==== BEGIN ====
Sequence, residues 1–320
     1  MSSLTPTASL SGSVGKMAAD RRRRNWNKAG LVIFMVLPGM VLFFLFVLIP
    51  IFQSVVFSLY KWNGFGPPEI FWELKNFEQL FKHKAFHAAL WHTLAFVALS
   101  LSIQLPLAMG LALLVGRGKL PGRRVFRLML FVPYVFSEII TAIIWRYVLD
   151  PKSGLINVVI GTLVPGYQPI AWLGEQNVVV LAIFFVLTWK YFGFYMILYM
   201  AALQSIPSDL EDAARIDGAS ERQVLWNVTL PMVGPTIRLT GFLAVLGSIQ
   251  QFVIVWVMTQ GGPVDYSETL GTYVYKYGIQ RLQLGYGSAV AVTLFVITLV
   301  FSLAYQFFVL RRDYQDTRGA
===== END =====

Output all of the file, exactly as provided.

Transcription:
Sequence, residues 1–320
     1  MSSLTPTASL SGSVGKMAAD RRRRNWNKAG LVIFMVLPGM VLFFLFVLIP
    51  IFQSVVFSLY KWNGFGPPEI FWELKNFEQL FKHKAFHAAL WHTLAFVALS
   101  LSIQLPLAMG LALLVGRGKL PGRRVFRLML FVPYVFSEII TAIIWRYVLD
   151  PKSGLINVVI GTLVPGYQPI AWLGEQNVVV LAIFFVLTWK YFGFYMILYM
   201  AALQSIPSDL EDAARIDGAS ERQVLWNVTL PMVGPTIRLT GFLAVLGSIQ
   251  QFVIVWVMTQ GGPVDYSETL GTYVYKYGIQ RLQLGYGSAV AVTLFVITLV
   301  FSLAYQFFVL RRDYQDTRGA